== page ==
Focus on Skill Development
Hettich has been training carpenters since its inception. In fact we have successfully trained more than 20,000 people in the last one decade or so. The training initiatives were initially more of an unorganised effort and not structured. However, now we are trying to institutionalise the process, and for this we have created a separate trust that will manage the whole programme.
The Hettich Poddar Woodworking Institute, as it would be called, would be independent of Hettich and will be run as a Vocational Training Partner (VTP) and a non-profit industry oriented-education institution, with the sole objective of benefiting workmen involved in the woodworking industry. The standalone training institute will be owned and managed by a charitable trust. Apart from Hettich we have a few industry partners. Woodworking specialist Biesse and a few plywood companies have partnered us in this initiative.
The infrastructure is great – air-conditioned rooms, modern machines, tools, audio-video facility, faculty, etc. This institute is coming up in Faridabad near New Delhi. In the future we will replicate this institute in other areas too.
VTPs are primarily run on a profit motive; however, ours is purely based on a CSR model. The design of the training programme is comprehensive; it bridges the gap between conventional and modern training. The company is spending a lot of money on this initiative. Carpentry has undergone a major change in the last decade or so – modern hardware has become a necessity. For example, doors were earlier non-auto closing, today we have finger touch, side mounted, under mounted – therefore trained workforce is needed.
All the possible areas for woodworking are to be covered. The courseware has been classified/divided according to the need of the industry – assembler, hardware fitment, polishing, sofa maker, etc. The duration of the training is three months. The logic of three months is that it will provide trainees the opportunity to learn more and opt for more courses. At the end of the training they will be certified.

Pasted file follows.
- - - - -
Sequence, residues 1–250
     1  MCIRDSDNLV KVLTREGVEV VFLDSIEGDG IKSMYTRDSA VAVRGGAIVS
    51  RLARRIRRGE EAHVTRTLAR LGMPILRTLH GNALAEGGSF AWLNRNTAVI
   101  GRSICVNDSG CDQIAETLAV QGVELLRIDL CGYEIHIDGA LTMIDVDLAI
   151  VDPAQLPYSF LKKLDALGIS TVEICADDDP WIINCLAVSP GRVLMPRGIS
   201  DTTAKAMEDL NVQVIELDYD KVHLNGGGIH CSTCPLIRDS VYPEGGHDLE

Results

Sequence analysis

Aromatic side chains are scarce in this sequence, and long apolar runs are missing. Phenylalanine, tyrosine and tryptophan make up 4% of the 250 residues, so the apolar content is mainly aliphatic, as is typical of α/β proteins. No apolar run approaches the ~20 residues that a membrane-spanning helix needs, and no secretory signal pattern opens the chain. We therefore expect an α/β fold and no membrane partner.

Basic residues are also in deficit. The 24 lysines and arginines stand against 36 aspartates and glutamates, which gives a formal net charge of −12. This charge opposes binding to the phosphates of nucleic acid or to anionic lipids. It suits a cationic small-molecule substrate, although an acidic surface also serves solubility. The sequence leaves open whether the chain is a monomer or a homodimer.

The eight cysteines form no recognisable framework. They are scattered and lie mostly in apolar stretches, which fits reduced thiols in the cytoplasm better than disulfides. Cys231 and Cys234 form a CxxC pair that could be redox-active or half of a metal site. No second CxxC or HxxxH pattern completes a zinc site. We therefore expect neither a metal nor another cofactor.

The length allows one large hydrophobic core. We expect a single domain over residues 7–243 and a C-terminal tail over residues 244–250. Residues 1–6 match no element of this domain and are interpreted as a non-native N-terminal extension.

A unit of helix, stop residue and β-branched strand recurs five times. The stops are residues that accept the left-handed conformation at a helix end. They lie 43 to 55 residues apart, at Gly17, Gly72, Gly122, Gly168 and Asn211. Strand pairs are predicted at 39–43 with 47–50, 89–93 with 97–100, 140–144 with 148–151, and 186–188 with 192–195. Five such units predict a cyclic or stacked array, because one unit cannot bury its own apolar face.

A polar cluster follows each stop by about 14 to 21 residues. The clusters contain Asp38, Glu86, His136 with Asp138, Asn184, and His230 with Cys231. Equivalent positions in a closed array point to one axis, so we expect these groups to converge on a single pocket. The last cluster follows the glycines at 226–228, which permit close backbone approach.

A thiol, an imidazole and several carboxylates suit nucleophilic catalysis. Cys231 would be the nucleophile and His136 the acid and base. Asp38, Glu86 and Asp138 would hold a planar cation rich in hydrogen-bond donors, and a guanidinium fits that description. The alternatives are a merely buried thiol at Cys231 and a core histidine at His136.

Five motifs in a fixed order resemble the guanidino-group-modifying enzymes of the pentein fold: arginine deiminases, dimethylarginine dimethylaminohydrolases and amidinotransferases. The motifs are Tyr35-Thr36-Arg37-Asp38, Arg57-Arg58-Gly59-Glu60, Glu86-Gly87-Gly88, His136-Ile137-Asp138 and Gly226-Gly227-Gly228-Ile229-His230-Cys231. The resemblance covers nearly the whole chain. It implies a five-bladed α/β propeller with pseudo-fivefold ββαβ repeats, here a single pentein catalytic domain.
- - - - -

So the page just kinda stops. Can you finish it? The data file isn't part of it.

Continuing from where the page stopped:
The admission to the training programme is on a first-come-first-serve basis; the training is being offered free of cost. During the course the trainees will be paid a stipend, for this we have tied up with government. Not only will we train them, but will also help them get placed or get assignments, and more pay. Besides these, we will also assist those interested in setting up their own units; provide them with kits and other help.
Apart from the three month programme we will also offer a three day Recognition of Prior Learning (RPL) module. For RPL we will go to different places, we will visit different cities pan-India with town-specific activities.
We expect to train about 1,000 students a year in the three month course and about 8,000-10,000 under the RPL module. We also have a ‘train the trainer’ programme. All these modules can be replicated with time.
Who will be the beneficiaries, is the logical question. I believe, with our focus on building a skilled workforce for the industry, the primary beneficiaries will be end-users, carpenters, and of course the industry.
If the end consumers get the right material at the right price in the right manner (fitted properly), they can have quality furniture made at a lower cost and more efficiently.
If the carpenter knows how to fit, drill, what to use where, he’ll be able to complete the work more efficiently. In Europe a carpenter can make a 12ft wardrobe in less than half a day, in India it takes 3-4 days. Even if you are using modern hardware but if it’s not fitted well, the functionality will not be perfect. A trained worker is efficient and knows the intricacies of the hardware and knows what to
In Europe, carpenters are paid significantly higher as compared to the Rs 500-1000 per day in India. It is not that in India the carpenter is underpaid, it’s just that they are low on productivity as well as on quality. At our institute we intend to train them and improve their skillset with regard to wood working, hardware fitment, polishing, and other related aspects. They will be then in a position to market their expertise at a higher value, their incomes will increase, customers’ will be satisfied, and all of this will bring better value to the customer and its employer. Once there is increased customer satisfaction and income level of the carpenter, the industry too will grow.
We, therefore, visualise a major positive outcome of this initiative, and are proud to be at the forefront of such a nation-building exercise